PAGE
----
"Courage is going from failure to failure without losing enthusiasm" (Churchill).

'The test of a work of art is, in the end, our affection for it, not our ability to explain why it is good' (Stanley Kubrick).

Offline vandermolen

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Re: Natanael Berg (1879-1957)
« Reply #5 on: March 24, 2010, 09:46:38 AM »
New release (April 2010).

Symphony No 3

(I recommend Symphony No 1 if you want to try this composer)
"Courage is going from failure to failure without losing enthusiasm" (Churchill).

'The test of a work of art is, in the end, our affection for it, not our ability to explain why it is good' (Stanley Kubrick).

Offline Dax

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Re: Natanael Berg (1879-1957)
« Reply #6 on: March 24, 2010, 11:16:12 AM »
The 4th Symphony is on youtube.
http://www.youtube.com/watch?v=rcio-Lh-spA   etc.

Can't say it grabbed me.
Sorry.

Offline vandermolen

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Re: Natanael Berg (1879-1957)
« Reply #7 on: March 25, 2010, 05:59:02 AM »
The 4th Symphony is on youtube.
http://www.youtube.com/watch?v=rcio-Lh-spA   etc.

Can't say it grabbed me.
Sorry.

No need to apologise - I didn't like No 2 much but No 1 was good.
"Courage is going from failure to failure without losing enthusiasm" (Churchill).

'The test of a work of art is, in the end, our affection for it, not our ability to explain why it is good' (Stanley Kubrick).

Offline Leo K.

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Re: Natanael Berg (1879-1957)
« Reply #8 on: March 29, 2011, 09:23:53 AM »


This has been in my car CD player for awhile now. I can hear the complete 1st symphony or 2nd symphony on the way to my second job after my first job in the morning. With each listen I'm getting more captivated by these works. It makes a rough schedule peaceful and meaningful.

 ;)

Offline vandermolen

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Re: Natanael Berg (1879-1957)
« Reply #9 on: March 30, 2011, 01:46:58 PM »


This has been in my car CD player for awhile now. I can hear the complete 1st symphony or 2nd symphony on the way to my second job after my first job in the morning. With each listen I'm getting more captivated by these works. It makes a rough schedule peaceful and meaningful.

 ;)
Pleased to hear that you enjoy these works - the last part of No 1 really is something special I think.
"Courage is going from failure to failure without losing enthusiasm" (Churchill).

'The test of a work of art is, in the end, our affection for it, not our ability to explain why it is good' (Stanley Kubrick).

Offline jowcol

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Re: Natanael Berg (1879-1957)
« Reply #10 on: March 30, 2011, 04:19:12 PM »
Pleased to hear that you enjoy these works - the last part of No 1 really is something special I think.

Ive just snagged Symphony 5, but haven't gotten a listen. Perhaps it bridges looming catastrophe with some hopeless defiance, and ends on a valedictory note.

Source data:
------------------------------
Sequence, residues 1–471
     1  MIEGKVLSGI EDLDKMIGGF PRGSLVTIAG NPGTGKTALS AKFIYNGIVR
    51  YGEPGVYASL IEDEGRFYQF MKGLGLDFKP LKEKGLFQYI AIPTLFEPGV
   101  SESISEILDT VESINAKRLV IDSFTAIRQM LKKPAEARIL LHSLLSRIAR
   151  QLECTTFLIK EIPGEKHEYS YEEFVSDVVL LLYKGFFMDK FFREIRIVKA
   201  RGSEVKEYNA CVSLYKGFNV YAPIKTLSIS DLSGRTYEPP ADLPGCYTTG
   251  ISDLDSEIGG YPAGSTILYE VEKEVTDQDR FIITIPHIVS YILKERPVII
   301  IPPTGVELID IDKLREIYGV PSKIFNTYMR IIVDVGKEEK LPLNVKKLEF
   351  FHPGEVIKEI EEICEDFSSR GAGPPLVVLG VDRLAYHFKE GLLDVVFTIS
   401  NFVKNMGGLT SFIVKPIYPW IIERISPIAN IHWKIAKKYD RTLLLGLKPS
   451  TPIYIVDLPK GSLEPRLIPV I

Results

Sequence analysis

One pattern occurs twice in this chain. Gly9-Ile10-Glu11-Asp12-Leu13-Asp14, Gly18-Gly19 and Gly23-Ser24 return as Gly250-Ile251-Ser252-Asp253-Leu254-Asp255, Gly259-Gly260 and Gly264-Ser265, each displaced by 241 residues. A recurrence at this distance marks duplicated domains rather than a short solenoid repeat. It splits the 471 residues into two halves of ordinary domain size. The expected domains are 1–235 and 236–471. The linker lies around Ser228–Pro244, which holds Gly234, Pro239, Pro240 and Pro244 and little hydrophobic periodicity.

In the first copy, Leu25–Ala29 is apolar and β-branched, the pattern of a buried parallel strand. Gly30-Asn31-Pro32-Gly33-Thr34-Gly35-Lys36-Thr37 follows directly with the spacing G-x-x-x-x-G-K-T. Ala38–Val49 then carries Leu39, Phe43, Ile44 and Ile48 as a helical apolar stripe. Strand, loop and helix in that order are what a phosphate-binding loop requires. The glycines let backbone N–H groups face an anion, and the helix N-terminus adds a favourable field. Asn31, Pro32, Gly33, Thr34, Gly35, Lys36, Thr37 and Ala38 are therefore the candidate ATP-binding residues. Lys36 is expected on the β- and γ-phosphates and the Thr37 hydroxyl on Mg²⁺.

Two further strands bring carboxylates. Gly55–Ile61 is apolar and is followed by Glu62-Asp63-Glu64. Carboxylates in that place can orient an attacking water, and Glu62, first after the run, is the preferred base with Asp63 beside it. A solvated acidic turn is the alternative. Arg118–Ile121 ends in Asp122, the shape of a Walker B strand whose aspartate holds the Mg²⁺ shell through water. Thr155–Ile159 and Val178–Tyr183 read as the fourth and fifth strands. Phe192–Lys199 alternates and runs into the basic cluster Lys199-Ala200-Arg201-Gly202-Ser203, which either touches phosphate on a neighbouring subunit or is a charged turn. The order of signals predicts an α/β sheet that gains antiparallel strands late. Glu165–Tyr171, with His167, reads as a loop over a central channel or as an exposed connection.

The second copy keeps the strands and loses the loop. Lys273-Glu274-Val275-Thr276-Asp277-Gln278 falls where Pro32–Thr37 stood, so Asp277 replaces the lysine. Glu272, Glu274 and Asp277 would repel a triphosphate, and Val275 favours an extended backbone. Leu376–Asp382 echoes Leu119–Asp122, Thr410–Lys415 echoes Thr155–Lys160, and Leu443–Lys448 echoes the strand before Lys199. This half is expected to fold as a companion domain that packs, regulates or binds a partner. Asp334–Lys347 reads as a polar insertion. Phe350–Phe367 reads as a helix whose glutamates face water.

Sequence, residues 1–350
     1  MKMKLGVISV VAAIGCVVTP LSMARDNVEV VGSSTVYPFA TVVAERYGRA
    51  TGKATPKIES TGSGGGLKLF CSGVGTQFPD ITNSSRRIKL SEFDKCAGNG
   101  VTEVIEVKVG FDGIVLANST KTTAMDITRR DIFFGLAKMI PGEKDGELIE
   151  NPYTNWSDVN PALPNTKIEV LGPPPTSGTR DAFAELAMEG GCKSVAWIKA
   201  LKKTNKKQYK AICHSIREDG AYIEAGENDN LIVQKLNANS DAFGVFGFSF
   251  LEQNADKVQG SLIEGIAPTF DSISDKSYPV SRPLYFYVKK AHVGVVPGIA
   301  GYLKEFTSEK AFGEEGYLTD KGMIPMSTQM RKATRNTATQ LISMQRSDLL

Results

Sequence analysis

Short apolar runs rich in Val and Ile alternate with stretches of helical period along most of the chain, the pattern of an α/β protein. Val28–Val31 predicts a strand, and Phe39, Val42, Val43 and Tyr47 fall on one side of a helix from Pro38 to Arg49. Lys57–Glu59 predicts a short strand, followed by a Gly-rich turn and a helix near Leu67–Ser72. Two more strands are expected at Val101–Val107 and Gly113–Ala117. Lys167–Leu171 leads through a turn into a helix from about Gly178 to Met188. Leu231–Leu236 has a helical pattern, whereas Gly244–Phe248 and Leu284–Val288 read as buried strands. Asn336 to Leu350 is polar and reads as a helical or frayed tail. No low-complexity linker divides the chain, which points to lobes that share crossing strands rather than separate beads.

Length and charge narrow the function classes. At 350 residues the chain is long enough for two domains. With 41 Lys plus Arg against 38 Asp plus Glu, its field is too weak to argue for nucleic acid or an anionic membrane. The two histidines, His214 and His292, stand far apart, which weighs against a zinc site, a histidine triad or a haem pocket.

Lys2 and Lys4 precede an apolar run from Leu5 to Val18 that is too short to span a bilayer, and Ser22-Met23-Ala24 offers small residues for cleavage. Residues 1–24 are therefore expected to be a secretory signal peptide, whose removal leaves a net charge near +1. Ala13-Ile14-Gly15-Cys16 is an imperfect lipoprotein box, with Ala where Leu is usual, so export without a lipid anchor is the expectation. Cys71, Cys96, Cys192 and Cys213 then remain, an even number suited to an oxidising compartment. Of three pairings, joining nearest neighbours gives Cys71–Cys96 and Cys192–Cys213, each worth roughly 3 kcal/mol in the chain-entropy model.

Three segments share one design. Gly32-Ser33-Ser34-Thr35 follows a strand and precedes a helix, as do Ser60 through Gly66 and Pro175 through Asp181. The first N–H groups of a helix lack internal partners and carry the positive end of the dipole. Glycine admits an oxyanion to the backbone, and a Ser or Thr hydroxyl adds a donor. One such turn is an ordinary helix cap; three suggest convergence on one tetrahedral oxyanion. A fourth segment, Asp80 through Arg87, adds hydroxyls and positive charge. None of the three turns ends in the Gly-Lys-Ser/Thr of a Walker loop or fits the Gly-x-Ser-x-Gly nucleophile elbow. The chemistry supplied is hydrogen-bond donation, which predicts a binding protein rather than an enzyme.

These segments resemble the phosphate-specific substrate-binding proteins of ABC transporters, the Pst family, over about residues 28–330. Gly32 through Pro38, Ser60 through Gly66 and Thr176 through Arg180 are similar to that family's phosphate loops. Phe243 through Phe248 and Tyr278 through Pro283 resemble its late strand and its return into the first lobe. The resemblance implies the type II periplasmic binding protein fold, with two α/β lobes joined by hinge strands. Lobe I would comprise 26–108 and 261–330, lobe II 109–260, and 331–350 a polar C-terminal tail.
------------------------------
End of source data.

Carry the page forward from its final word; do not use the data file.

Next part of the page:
"If it sounds good, it is good."
Duke Ellington

Offline thalbergmad

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Re: Natanael Berg (1879-1957)
« Reply #11 on: September 05, 2011, 11:35:46 AM »
For those that have not heard it, the Piano Concerto in C sharp minor is a late romantic masterpiece (in my humble opinion). It was in fact by searching for a review on this work, I found this forum.

Not a pianistic display warhorse, but a work of the grand sweeping style with a slight taste of the much earlier Henselt Concerto and perhaps a touch of Rachmaninov. Melodic, powerful, climatic and extremely colourful orchestration.

Best Piano Concerto I have heard since the Rozycki, which of course cannot be surpassed.

Concertingly.

Thal

cilgwyn

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Re: Natanael Berg (1879-1957)
« Reply #12 on: September 05, 2011, 01:38:44 PM »
Cpo always have a cunning way of luring you in with their interesting cover art. The George Antheil cds I've been playing tonight are a case in point. Very well chosen. Not that I am suggesting that the cover art was anything to do with you're purchase,Vandermolen, But those Natanael Berg cds don't half LOOK nice!

Offline vandermolen

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Re: Natanael Berg (1879-1957)
« Reply #13 on: September 05, 2011, 02:12:02 PM »
Cpo always have a cunning way of luring you in with their interesting cover art. The George Antheil cds I've been playing tonight are a case in point. Very well chosen. Not that I am suggesting that the cover art was anything to do with you're purchase,Vandermolen, But those Natanael Berg cds don't half LOOK nice!

Actually I have been known to purchase CDs on the basis of the cover art - not a good policy.  But usually I go by recommendation. CPO are very enticing as are Hyperion.
"Courage is going from failure to failure without losing enthusiasm" (Churchill).

'The test of a work of art is, in the end, our affection for it, not our ability to explain why it is good' (Stanley Kubrick).